EUGENE, Ore. — Measured linearly, nationally ranked Oregon hurdler Alaysha Johnson is 5-foot-3, but she packs an oversized personality.
"She is not a go-along, get-along type person," UO sprints and hurdles coach Curtis Taylor said.
Johnson, a member of her high school debate team, calls herself "outspoken."
"I like to challenge ideas," she says. "I question things a lot. To me, knowledge is power. I'm not the type of person who would want to do something and not know why I'm doing it."
Once convinced there is a reason and the purpose is right, though, Johnson goes all-in.
That might explain what she was doing last week as one of the participants in a panel discussion between nine UO athletes, eight of them African-American, and seven officers from police departments on or near campus.
The discussion was titled "Race In America." It was sponsored by the school's BEOREGON program that promotes inclusion and diversity. It centered on ways to reduce tensions between minority groups and police officers.
It quickly became clear nobody wants a traffic stop to turn tragic.
The discussion had a halting start, "but when it started rolling, it started rolling," Johnson said.
Johnson did her share of talking.
"She made herself very vulnerable there," said UO hurdler Khadejah Jackson, another of the participants. "She shared her experience with the police, and some other people probably wouldn't do that. She is so open. I like that about her, because good or bad, she is willing to tell the story."
Johnson, who expects to have a master's degree in sociology by the time she exhausts her eligibility, isn't just all talk.
She volunteered for a night ride-along with the Springfield police.
When the officer picked her up in a police cruiser, there was a suspect in the back seat.
"We went straight to the jail and dropped him off, booked him and all that," Johnson said. "I'm like, 'OK, it's happening, and it's happening fast.'"
What she learned on the ride-along, though, is the night's mission was as much about preventing crime as apprehending perpetrators.
"It really opened my eyes to see cops aren't out to get everyone," she said.
If Johnson has her way, it won't be the last time local police and minority students at Oregon come together to, as she says, "bridge the gap between the two communities."
In the meantime, there is a plenty of track and field ahead.
Johnson was an Olympic Trials semifinalist last year in the 100-meter hurdles. The UO sophomore's 60-meter hurdle time indoors this year is 8.09 seconds, tying her for sixth on the NCAA Division I level.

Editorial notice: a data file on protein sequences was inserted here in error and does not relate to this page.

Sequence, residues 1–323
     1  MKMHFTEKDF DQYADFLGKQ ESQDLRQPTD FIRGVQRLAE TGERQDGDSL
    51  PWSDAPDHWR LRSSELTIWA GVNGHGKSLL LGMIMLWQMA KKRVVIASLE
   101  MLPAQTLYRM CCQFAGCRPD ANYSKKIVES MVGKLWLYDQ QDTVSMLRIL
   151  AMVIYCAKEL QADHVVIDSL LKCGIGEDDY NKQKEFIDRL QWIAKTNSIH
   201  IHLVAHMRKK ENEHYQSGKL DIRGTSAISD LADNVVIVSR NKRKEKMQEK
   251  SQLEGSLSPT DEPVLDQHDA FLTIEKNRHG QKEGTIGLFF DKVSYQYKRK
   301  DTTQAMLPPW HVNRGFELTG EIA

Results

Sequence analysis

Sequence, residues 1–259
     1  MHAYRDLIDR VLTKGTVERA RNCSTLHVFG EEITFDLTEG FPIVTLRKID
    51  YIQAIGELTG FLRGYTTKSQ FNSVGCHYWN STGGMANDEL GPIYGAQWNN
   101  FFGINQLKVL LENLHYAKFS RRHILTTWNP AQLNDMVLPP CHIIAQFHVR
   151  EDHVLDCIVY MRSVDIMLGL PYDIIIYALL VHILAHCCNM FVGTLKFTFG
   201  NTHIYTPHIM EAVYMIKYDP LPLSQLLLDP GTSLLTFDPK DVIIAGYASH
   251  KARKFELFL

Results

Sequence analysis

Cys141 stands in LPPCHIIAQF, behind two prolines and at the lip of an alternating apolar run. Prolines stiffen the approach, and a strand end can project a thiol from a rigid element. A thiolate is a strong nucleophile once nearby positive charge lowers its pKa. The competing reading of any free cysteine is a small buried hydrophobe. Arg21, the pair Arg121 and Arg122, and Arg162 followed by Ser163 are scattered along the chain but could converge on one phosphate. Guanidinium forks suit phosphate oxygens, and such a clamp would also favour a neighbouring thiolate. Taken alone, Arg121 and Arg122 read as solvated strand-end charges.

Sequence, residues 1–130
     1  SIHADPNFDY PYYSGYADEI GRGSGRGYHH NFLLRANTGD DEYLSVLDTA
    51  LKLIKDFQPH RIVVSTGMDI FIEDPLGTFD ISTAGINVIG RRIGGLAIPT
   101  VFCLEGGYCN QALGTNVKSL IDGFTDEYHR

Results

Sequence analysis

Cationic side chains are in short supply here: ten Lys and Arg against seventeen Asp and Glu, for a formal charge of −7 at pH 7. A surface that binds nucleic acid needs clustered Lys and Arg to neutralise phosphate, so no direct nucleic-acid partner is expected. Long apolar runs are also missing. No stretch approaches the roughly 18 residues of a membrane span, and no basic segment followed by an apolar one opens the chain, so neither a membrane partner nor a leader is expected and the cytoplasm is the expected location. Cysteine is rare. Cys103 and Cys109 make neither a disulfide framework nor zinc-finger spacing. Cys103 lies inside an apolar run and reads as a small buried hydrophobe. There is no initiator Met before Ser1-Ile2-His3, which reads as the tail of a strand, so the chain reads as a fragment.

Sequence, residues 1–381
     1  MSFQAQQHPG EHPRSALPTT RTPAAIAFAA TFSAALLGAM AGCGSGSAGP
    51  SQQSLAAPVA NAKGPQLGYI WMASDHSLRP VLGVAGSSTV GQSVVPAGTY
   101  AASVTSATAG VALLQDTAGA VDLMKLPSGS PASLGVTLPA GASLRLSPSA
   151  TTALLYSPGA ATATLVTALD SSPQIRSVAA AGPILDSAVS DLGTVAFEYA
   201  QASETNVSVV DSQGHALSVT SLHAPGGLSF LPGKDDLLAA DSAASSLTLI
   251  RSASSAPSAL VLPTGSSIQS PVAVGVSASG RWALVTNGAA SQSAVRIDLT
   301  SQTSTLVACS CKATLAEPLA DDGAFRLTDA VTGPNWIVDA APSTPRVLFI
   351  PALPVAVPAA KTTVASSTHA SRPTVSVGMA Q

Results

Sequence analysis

She scored at last year's NCAA Indoor Championships by placing eighth.
Johnson is No. 2 all-time outdoors on Oregon's 100 hurdle race with a time of 12.97, just behind senior teammate Sasha Wallace, who holds the school record of 12.95.
Wallace, the national leader this season in the 60s, and Johnson make the hurdles an impact event for the Ducks on the national level, indoors and outdoors.
They are opposites in most ways. Wallace is a diplomat, Johnson shares her opinions. Wallace is tall, Johnson is short. Wallace has a better start and Johnson is better between the hurdles.
What they have in common is an off-the-charts competitive drive.
"When I think I'm doing good, Sasha will come and beat me," Johnson said. "I can never get content, never get complacent. I'm always pushing to be the best person. But I know Sasha is not going to let that happen. She is not going to give it me. I'm going to have to work for it."
Jackson, who specializes in the 400 hurdles, says she won't forget the pep talk Johnson gave her last year when Johnson apparently thought Jackson was being too deferential.
"She said, 'You need to get the mentality that you need to beat me, and I'm not going to let you beat me,'" Jackson said. "She said, 'So, run.'"
Johnson had to be mentally tough to come back from what amounted to two lost seasons.
After winning the Texas Gatorade Track & Field Girls Athlete of the Year award as a high school junior in 2013, Johnson hit the wall in 2014.
She became fatigued easily. Her performances lagged.
"We chalked it up to having too much on my plate as a senior, and running through all these seasons — indoor, outdoor and summer track," she says.
But things didn't improve at Oregon. In her first indoor race, Johnson couldn't clear the first hurdle.
The UO coaching staff began looking deeper for the problem. Finally, in the spring of 2015, doctors discovered she has hypothyroidism, a thyroid deficiency, which Johnson says is genetic.
But even after determining the cause, it took time to find the right medication and dosage. She lost the year athletically.
Given Johnson's competitiveness, it made for an uncomfortable spring as roommates Raevyn Rogers and Ashlee Moore were finding freshman success.
"I was excited to see the team doing really good things, but it was frustrating, because I wanted to be a part of it," Johnson said.
She made up for lost time last year. Taking into account her youth and relative inexperience, Taylor says Johnson's performance at the Olympic Trials was extraordinary.
Johnson was the third-fastest, non-qualifying semifinalist in the field. Given the state of U.S. women's hurdling, that makes her one of the best in the world.
"She is going to be able to bring that to her repertoire as a collegian, and that's going to help her a lot," Taylor said.
Well, that along with her full-throttle personality.
Johnson might be short. But as her coaches and teammates will tell you, she trails behind her a very long shadow.
This article is written by Ken Goe from The Oregonian and was legally licensed via the Tribune Content Agency through the NewsCred publisher network.